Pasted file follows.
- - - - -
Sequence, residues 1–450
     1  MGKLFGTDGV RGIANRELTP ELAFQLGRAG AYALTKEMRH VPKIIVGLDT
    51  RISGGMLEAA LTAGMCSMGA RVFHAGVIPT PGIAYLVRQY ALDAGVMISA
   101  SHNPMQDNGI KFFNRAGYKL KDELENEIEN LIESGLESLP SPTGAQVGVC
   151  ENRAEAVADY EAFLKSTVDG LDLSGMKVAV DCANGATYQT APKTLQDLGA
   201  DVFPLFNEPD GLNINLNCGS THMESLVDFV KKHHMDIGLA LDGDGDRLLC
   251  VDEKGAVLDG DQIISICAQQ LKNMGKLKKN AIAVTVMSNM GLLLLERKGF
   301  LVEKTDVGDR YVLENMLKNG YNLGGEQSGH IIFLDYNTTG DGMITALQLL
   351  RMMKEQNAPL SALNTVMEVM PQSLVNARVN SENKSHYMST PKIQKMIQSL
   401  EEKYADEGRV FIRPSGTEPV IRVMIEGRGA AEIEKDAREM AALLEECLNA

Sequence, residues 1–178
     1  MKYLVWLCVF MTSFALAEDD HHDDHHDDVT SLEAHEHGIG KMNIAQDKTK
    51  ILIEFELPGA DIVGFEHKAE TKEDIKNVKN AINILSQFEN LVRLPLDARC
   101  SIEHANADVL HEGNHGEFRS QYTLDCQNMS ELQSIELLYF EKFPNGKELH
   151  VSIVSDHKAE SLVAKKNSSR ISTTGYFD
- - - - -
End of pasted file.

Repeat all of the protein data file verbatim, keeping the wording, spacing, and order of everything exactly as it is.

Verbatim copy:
Sequence, residues 1–450
     1  MGKLFGTDGV RGIANRELTP ELAFQLGRAG AYALTKEMRH VPKIIVGLDT
    51  RISGGMLEAA LTAGMCSMGA RVFHAGVIPT PGIAYLVRQY ALDAGVMISA
   101  SHNPMQDNGI KFFNRAGYKL KDELENEIEN LIESGLESLP SPTGAQVGVC
   151  ENRAEAVADY EAFLKSTVDG LDLSGMKVAV DCANGATYQT APKTLQDLGA
   201  DVFPLFNEPD GLNINLNCGS THMESLVDFV KKHHMDIGLA LDGDGDRLLC
   251  VDEKGAVLDG DQIISICAQQ LKNMGKLKKN AIAVTVMSNM GLLLLERKGF
   301  LVEKTDVGDR YVLENMLKNG YNLGGEQSGH IIFLDYNTTG DGMITALQLL
   351  RMMKEQNAPL SALNTVMEVM PQSLVNARVN SENKSHYMST PKIQKMIQSL
   401  EEKYADEGRV FIRPSGTEPV IRVMIEGRGA AEIEKDAREM AALLEECLNA

Sequence, residues 1–178
     1  MKYLVWLCVF MTSFALAEDD HHDDHHDDVT SLEAHEHGIG KMNIAQDKTK
    51  ILIEFELPGA DIVGFEHKAE TKEDIKNVKN AINILSQFEN LVRLPLDARC
   101  SIEHANADVL HEGNHGEFRS QYTLDCQNMS ELQSIELLYF EKFPNGKELH
   151  VSIVSDHKAE SLVAKKNSSR ISTTGYFD